Well, Okay… Now I’ve heard everything (maybe). I don’t know if you’ve seen this, but I just saw a quick news report about the thing they’re calling the “laundry pod challenge,” or more specifically, the “Tide Pod Challenge.” Somewhere along the way, someone decided it would be a good idea to challenge other people to eat a laundry pod.
The producers of such pods were reported to have expressed concerns over using their products in such a manner. I would hope so. Still, it boggles the imagination that people are actually taking up such a challenge. I suppose it’s simply because a dare is a dare.
By all reports, most of the people who are actually taking up the so-called challenge are teenagers. It puts me in mind of other challenges that have been issued in the past. In the Roaring Twenties, young folks were eating live goldfish—swallowing them whole.
“It became a thing.”
When I was a kid, things had escalated to the point where people were biting the heads off of live chicks (the birds, not the girls). This got started by a rumor that Alice Cooper had done so on stage. He actually hadn’t done it, but everyone believed he did. Hence, it became a thing.
The whole Tide Pod phenomenon puts me in mind of some of the silliest warnings I’ve seen on retail products. For example: containers of Drano warn not to ingest the crystals, chain saws warn not to grab the wrong end, and scooters warn that the product moves when used. There’s even a set of precision screw drivers that warn not to insert one into your—dare I say it—penis. I can only guess that these warnings arose because someone tried using these products in less than safe ways.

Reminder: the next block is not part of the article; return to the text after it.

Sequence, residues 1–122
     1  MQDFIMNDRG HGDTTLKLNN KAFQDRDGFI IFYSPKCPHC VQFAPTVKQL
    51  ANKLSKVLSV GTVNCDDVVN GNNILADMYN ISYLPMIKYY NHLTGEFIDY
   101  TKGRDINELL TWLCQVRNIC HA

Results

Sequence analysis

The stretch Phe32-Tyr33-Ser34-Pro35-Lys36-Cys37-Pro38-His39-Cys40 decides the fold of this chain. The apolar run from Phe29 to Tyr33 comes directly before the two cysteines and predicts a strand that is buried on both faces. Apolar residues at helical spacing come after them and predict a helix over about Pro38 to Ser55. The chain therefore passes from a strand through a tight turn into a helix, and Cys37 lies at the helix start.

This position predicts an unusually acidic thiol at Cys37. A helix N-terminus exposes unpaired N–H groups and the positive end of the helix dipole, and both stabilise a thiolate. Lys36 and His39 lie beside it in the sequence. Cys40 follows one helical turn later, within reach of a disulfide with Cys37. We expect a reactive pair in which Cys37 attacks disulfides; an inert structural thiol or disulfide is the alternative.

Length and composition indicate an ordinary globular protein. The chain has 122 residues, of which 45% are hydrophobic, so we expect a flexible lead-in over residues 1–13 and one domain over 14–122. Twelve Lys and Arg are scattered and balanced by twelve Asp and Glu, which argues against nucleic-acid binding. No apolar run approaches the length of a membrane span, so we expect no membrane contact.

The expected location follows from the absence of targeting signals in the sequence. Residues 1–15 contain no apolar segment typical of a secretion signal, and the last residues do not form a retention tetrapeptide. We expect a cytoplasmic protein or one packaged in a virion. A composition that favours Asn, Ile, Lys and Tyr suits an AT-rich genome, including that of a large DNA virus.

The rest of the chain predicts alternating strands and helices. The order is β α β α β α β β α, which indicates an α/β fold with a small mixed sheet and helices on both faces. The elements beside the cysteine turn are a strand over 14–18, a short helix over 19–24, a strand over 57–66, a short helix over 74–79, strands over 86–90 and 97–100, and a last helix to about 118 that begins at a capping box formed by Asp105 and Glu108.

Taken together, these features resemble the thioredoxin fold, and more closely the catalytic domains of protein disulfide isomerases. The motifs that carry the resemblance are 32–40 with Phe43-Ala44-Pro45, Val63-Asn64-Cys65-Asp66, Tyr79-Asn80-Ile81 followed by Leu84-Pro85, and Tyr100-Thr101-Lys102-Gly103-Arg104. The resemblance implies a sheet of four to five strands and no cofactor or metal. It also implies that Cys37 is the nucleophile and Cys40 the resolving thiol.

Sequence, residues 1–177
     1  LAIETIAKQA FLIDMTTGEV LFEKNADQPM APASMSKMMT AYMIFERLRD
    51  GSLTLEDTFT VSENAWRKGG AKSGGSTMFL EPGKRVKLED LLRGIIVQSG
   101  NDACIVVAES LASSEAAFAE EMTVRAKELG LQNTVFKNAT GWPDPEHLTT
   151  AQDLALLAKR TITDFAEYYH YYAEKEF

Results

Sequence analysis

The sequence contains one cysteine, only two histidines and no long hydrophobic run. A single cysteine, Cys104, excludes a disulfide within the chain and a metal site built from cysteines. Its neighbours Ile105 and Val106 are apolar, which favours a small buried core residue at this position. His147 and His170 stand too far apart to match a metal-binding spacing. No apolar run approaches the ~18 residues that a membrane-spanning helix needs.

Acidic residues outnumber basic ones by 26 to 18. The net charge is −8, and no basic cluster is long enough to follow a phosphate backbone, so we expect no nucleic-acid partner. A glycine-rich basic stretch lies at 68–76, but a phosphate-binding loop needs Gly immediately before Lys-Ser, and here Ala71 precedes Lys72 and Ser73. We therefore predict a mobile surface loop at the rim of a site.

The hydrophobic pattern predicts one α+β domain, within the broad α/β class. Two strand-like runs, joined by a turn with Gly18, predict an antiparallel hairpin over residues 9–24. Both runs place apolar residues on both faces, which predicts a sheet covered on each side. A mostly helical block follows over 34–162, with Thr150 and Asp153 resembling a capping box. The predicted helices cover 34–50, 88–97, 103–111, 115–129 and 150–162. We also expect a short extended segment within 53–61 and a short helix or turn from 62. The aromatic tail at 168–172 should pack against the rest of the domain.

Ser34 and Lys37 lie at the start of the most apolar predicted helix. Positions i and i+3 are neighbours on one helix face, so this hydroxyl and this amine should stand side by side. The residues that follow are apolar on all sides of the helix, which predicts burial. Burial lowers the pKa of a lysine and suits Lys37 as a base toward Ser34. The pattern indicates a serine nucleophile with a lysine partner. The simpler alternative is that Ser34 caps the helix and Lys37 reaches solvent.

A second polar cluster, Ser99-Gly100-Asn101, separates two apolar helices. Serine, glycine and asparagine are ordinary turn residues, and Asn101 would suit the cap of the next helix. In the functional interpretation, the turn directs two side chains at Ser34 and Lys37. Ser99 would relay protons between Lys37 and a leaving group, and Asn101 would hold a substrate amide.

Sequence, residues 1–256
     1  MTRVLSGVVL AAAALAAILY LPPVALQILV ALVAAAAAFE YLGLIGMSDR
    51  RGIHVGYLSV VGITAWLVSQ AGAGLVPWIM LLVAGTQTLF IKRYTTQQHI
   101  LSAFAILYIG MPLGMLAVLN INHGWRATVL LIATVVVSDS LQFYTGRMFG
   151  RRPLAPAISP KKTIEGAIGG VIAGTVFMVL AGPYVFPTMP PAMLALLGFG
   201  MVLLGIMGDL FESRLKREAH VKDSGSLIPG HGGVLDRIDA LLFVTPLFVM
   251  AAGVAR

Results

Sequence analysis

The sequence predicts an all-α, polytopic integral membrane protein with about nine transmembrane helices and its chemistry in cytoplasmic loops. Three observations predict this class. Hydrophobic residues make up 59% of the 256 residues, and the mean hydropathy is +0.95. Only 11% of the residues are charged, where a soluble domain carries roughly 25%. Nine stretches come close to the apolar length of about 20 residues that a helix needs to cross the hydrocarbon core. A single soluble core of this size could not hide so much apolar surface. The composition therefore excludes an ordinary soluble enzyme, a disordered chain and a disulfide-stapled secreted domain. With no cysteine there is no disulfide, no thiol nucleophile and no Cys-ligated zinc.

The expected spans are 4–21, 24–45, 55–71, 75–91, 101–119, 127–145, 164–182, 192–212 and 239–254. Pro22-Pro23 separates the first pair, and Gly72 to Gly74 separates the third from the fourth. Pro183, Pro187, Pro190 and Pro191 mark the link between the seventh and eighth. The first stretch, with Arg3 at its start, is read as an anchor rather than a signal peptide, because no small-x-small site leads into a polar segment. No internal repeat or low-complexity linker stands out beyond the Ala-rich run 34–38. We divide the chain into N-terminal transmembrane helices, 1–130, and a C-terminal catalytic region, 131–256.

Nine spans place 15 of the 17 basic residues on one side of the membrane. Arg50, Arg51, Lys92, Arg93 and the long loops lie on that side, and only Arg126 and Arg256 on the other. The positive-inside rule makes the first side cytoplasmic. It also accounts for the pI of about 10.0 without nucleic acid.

There might be a positive side to this laundry pod challenge, however. There was something akin to it that was popular when I was a kid. It wasn’t a challenge, though. It was a punishment. It wasn’t uncommon in those days for our mothers to wash out our mouths with soap if we said a bad word. As I recall, my Mom did that to me once. She never had to do it again (and I will never take the Tide Pod Challenge as a result).
From the things I’ve heard many teenagers utter these days, a Tide Pod in the mouth might be an appropriate action. Of course, it doesn’t stop with teenagers. Adults seem to be even worse. It’s an oral epidemic.
The Apostle Paul was pretty clear about not having a potty mouth. His warning label (Ephesians 4:29) to us was to keep it clean. He urged his readers to say things that would benefit their hearers instead of grossing them out. Many of us totally disregard his warning. For some, it’s like a gateway drug to larger evils. Maybe we should heed the cell phone label that actually warns against foul language “because a partner’s feeling is going to be bad.”
[Dave Zuchelli is a graduate of Pittsburgh Theological Seminary and is currently the pastor of Smith Chapel, in Great Falls, VA.]